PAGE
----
Though said to be both delicious and an aphrodisiac, oysters often fall down on the texture test. This raises an interesting question - why do so many of us squirm at the thought of shucking a slimy shellfish or slurping on a slippery slice of sashimi? According to a new study in the journal Neuron, the answer may reside in a newly discovered nerve cell in the tongue, which responds to the feel of our food in order to entice or disgust us.
The authors conducted their research using fruit flies, which, like humans, are fairly picky about the texture of their food, and will often refuse to eat things that are too mushy or too hard, regardless of their taste. Using a technique called confocal microscopy, the team discovered a previously unknown type of neuron, which is activated by tiny hairs on the surface of the insect’s tongue.
As these hairs come into contact with food, they register its texture, stimulating the neurons, which then send an impulse to the brain telling it whether or not it fancies eating. The team then used optogenetics to control the activation of these neurons using light. When stimulated with low intensity light, the neurons seemed to generate a signal akin to detecting soft food, thereby causing the flies to eat when presented with a sugary solution.
However, when the researchers gave the flies the same solution but stimulated these neurons with strong light, the impulse generated was similar to that produced when encountering overly tough food, ultimately causing them to reject the syrup.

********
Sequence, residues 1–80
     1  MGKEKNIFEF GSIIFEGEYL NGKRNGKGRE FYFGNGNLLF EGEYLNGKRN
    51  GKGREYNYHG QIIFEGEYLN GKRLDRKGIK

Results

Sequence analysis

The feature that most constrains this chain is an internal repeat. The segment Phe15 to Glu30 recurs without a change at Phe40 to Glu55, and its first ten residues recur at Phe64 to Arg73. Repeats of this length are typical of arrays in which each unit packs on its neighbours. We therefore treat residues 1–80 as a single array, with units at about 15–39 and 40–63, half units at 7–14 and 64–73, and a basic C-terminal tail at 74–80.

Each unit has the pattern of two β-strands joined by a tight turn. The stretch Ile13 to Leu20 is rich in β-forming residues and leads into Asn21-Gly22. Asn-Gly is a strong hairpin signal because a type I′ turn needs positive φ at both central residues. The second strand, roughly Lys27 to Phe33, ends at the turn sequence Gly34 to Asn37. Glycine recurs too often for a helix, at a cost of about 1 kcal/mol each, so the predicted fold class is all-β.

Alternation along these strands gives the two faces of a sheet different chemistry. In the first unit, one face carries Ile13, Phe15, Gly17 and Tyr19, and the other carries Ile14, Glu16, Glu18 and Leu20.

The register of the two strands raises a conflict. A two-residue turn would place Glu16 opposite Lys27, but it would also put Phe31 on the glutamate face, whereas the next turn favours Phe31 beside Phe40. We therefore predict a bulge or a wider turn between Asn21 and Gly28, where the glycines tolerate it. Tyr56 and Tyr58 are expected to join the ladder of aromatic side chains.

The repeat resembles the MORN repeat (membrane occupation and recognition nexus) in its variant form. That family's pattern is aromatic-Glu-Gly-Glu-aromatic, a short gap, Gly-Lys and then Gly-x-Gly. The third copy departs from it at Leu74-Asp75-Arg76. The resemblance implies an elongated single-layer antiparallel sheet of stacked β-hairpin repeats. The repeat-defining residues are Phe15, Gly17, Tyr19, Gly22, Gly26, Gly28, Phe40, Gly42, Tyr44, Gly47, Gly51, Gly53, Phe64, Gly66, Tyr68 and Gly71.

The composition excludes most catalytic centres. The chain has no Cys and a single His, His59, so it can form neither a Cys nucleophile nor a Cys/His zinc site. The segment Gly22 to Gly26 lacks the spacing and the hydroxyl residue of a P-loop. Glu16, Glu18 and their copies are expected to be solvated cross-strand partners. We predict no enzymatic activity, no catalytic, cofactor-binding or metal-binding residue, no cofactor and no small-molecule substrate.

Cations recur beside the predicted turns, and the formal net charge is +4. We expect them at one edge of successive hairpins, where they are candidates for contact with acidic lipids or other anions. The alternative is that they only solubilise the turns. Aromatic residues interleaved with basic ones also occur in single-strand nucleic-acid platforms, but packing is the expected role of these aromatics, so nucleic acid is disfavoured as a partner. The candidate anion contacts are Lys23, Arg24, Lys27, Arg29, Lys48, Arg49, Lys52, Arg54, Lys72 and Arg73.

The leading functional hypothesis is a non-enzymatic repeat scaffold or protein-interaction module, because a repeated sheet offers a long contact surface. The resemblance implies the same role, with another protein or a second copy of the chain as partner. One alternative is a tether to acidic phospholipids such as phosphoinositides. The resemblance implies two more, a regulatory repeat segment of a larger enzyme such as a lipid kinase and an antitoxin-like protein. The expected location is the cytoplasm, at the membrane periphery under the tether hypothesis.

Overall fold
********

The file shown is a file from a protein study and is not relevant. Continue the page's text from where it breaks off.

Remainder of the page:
Upon further examination, the team discovered that the activity of these neurons appears to be controlled by a protein called transmembrane channel-like (TMC) protein. To confirm this, they bred flies to lack this protein, and found that they were then unable to distinguish between different textures, even though they retained the ability to register changes in taste.
This is of particular interest, since the TMS found in fruit flies is very similar a human TMS that controls neuronal signalling in the eardrum. Though taste and hearing obviously have very little to do with one another, it is intriguing that both are examples of machanosensation, meaning the generation of electrical impulses as a result of “feeling” something in the external environment.
The researchers therefore say it’s worth looking for similar mechanisms in the human tongue in order to determine if our disgust for certain textures is caused by the same mechanism. “Because there are eight different types of TMCs in mice and humans, it would be fascinating to learn whether any of them has a role in food texture sensation in mammals,” explained study co-author Craig Montell.